There's a plethora of productivity advice floating around the internet. If you google the phrase, you receive over 90 million search results. Needless to say, the amount of information available is overwhelming.
Instead of applying this advice, we’re wasting our time. It’s a fact. The average worker admits to wasting three hours per workday, not including lunch and scheduled breaks. Web surfing and socializing with co-workers make up the majority of cited distractions at work.
The result: Smart people—like you, reader—feel like they are unproductive and are underperforming.
This problem isn't going away anytime soon. We are creating and consuming information at a rapid and unsustainable pace. All this creation and consumption, combined with daily distractions, such as co-worker interruptions and pointless meetings, make it almost impossible not to waste time during the day.
After trying what feels like every productivity hack on the web, here are the four methods that proved to be most effective for me over the long-term. Give them a try. I bet you'll win back hours every single day by putting at least one of these into practice.
There is no denying it, our culture promotes multitasking. Multitasking is the art/fallacy (depending on how you see it) of engaging in more than one task simultaneously. Here's the dilemma: it only works if at least one of the tasks is automatic and requires no thought (like walking or eating), or if the tasks require different types of brain processing (e.g. it's harder to listen to music with lyrics than music without lyrics while checking your email because both require language processing).
When most of us think of multitasking, we think of something like managing our inboxes while preparing a PowerPoint presentation, writing an article, and keeping an eye on social media. This is a horrible idea. Multitasking causes you to waste up to 40 percent more of your time than doing the tasks one at a time.
Instead, single task. Some simple tips:
This is one of my favorite productivity hacks of all time. Batch tasking (i.e. batch processing) is all about taking similar tasks and "batching" them together to get them done faster.
For example, if you're an editor for a living, you will save an extraordinary amount of time by editing seven posts in one batched time chunk than editing one a day for seven days. As an editor, I tested this out and cut my editing time down by over 45 percent. Results will vary depending on the person and task, but it is bound to save you a ton of time, no matter what. This is definitely a hack worth testing.
Here are some more common activities you can batch task:
Put time on your calendar specifically for batch tasking activities. Your ability to batch task will depend on your work environment and industry. However, you can batch task more items, more frequently, than you probably think. Give it a try—come up with a list of items to batch task, and track how much time you save over a couple of weeks. That will motivate you to keep going in the future.
For more inspiration, check out this detailed post by Problogger creator Darren Rowse on how he used batch tasking to become 10 times more productive.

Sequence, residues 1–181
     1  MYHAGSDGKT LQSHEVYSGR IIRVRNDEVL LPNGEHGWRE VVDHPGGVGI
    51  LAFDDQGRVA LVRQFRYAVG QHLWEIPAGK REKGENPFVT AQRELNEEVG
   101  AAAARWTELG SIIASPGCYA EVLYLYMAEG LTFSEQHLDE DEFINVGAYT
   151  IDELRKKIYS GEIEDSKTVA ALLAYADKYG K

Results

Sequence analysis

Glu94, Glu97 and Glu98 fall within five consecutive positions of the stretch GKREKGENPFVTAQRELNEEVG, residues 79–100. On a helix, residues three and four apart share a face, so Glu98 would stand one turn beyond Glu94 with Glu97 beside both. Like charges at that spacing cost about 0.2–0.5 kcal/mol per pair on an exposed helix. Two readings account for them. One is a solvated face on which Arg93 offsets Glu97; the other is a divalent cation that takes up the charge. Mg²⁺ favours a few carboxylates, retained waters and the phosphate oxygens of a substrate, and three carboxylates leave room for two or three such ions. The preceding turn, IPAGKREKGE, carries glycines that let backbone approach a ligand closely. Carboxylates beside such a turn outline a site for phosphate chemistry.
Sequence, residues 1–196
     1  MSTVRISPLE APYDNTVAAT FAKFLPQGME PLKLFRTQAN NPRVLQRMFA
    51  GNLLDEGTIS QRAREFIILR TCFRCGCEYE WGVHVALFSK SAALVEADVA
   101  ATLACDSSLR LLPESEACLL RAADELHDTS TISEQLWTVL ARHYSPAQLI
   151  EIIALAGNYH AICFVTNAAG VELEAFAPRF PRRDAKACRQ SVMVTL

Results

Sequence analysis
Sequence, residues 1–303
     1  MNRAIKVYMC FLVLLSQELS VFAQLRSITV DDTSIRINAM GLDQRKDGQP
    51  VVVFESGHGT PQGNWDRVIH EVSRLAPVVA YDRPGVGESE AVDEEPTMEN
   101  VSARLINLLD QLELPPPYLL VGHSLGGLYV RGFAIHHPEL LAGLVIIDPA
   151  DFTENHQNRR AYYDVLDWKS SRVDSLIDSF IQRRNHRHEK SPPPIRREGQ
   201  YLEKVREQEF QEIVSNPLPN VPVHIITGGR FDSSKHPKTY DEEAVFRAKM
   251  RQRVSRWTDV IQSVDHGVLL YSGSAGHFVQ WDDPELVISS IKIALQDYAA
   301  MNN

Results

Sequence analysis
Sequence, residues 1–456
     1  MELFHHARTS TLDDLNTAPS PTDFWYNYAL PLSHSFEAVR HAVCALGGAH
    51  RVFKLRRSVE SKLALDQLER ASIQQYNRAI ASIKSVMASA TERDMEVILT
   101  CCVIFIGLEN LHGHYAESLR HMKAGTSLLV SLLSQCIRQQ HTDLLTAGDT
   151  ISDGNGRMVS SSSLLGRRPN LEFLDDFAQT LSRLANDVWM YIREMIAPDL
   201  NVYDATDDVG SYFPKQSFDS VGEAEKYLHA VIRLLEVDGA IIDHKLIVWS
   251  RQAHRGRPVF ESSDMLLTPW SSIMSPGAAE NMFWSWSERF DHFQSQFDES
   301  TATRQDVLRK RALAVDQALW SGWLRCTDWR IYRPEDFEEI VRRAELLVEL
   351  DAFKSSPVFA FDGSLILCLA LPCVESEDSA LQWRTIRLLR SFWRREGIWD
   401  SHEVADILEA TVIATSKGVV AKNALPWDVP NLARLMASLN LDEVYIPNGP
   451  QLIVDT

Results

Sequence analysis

What 20 percent is driving 80 percent of your results?
This question is based on the Pareto Principle, which states that, for many events, roughly 80 percent of the effects come from 20 percent of the causes.
Determine what 20 percent of your work is driving 80 percent of your results, and what 80 percent of your work is driving 20 percent of the results. Create a two-column chart for the highest and lowest results-driven behaviors. You can tweak this number for whatever works best—it could break down to a ratio of 10/90 or 30/70 for you).
Figure out how to fit your high-productivity tasks into your schedule first so that you have more time to do those things instead of the time-wasters that suck up 70-90 percent of your time. Typically, the time-wasters include, but are not limited to: checking email, browsing the internet, online shopping, social media, instant messaging, and socializing with co-workers.
As an aside, I know we all spend a lot of time browsing the web and consuming news, which I am going to guess is a bit of a time suck for everyone reading this. Here’s a great mini e-book from Tim Ferriss about putting yourself on a low-information diet.
Here's the final hack—and one of the one's I've personally found to be most effective: every single day, choose the 1-3 most important tasks (MITs) you want to accomplish. One of the best productivity bloggers on the web, Leo Babauta, coined the term "MIT"—read his original article about it on Zen Habits.
The question to ask yourself first thing every morning: What 1-3 tasks would make me feel like I had an incredible day?
These are the 1-3 tasks you need to focus on—ideally, as early in the day as possible. Here are some guidelines:
This is an incredibly powerful hack. I suspect most people spend their mornings checking email, browsing social media, and consuming content. All of these are relatively passive activities. If you feet your most important tasks out of the way early, you'll feel so much better about the rest of your day.
Give these four hacks a try—I am confident that each of them will save you a significant amount of time—regardless of where you work or what you do for a living.
If you want your time back, these are the four productivity tricks I'd try before anything else.
You might also like Melissa Joy Kong's post: "Tired of Your Bad Habits? Here’s the One Thing You Need to Know About Effective Habit Change"
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